Monday, June 6, 2011

International Cyber Law Treaty Is Required

Cyber Law has become very important these days. Sooner or later all countries of the World would have their own Cyber Laws. However, Cyber Law is different from other National Laws. While other National Laws are usually “Territorial” in nature and covers territorial acts or omissions yet Cyber Law governs act or omissions that travel far beyond the national territory.

For instance a Cyber Crime may be committed in country X by using computers located at country Y by a resident of country Z. This “International” nature of Cyber Crimes makes it unique and it also requires a “unique treatment”.

Here lies the real problem. Cyber Law is essentially “International” in nature whereas its dealings all over the World are “National” in nature. Without “International Cooperation” the National Cyber laws are useless.

This brings the importance of an International Cyber Law Treaty of Convention that can provide a “Harmonised Framework” for Cyber Law across the globe. Till now we do not have a “Universally Acceptable” International Cyber Law Treaty or Convention.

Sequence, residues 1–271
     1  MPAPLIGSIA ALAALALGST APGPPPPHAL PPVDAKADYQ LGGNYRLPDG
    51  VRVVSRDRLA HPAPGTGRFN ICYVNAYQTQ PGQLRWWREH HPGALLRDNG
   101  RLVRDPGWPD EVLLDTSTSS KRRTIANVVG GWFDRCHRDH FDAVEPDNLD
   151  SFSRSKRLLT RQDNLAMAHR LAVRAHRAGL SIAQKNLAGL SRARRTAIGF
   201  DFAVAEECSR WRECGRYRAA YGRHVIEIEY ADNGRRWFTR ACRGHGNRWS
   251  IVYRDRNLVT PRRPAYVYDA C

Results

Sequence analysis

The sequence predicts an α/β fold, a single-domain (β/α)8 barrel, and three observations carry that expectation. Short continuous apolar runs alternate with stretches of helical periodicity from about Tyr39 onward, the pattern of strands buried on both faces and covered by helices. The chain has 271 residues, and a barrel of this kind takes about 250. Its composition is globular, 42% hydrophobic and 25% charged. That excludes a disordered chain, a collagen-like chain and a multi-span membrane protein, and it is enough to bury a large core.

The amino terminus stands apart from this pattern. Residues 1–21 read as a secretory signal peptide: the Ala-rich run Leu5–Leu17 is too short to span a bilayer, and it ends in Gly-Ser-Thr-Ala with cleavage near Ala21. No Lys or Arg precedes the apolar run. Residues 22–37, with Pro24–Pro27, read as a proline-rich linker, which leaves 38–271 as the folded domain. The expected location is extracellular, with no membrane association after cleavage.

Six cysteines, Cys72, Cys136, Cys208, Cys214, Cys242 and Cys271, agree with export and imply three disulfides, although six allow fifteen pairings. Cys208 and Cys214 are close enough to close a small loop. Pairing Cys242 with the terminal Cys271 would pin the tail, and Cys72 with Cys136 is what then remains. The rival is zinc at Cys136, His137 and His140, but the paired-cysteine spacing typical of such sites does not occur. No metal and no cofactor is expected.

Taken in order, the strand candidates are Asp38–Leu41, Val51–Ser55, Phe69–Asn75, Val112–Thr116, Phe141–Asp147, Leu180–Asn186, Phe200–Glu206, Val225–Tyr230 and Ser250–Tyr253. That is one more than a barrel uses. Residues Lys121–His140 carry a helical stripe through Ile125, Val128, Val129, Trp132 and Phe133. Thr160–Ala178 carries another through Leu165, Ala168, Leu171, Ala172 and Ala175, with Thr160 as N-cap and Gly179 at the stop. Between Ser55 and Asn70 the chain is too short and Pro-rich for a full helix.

Of course, some countries are part of the Convention on Cyber Crime or also known as the Budapest Convention on Cyber Crime. The Budapest Convention is the first “Treaty Effort” that is seeking to address Cyber Law and Cyber Crimes at the International Level. However, it is not a full fledged International Cyber Crimes Treaty as many Countries, like India, are not part of the same.

Recently, efforts were made at the United Nations (UN) to adopt a “More Comprehensive” and “Truly Global” International Cyber Crime Treaty. However, the proposal was rejected by UN and till now there is no “Globally Acceptable” Cyber Crime Treaty in existence. This is unfortunate as UN must have a more active role in the formulation and implementation of an International Cyber Law Treaty. UN must also play a pro active role in protecting Human Rights in Cyberspace.

Even the World community on Human Rights, Cyber Law and Cyber Security must start thinking in this direction as issues like Cyber Warfare, Cyber Terrorism, Cyber Espionage, Cyber Crimes, E-Surveillance, Unlawful Interceptions, etc are “Transnational” in nature. If different Countries would have different laws for these issues, it would be very difficult to truly enforce protective provisions against these menaces at National and International levels. It is high time for UN to seriously consider issues like International Cyber Law Treaty and protection of Human Rights in Cyberspace.

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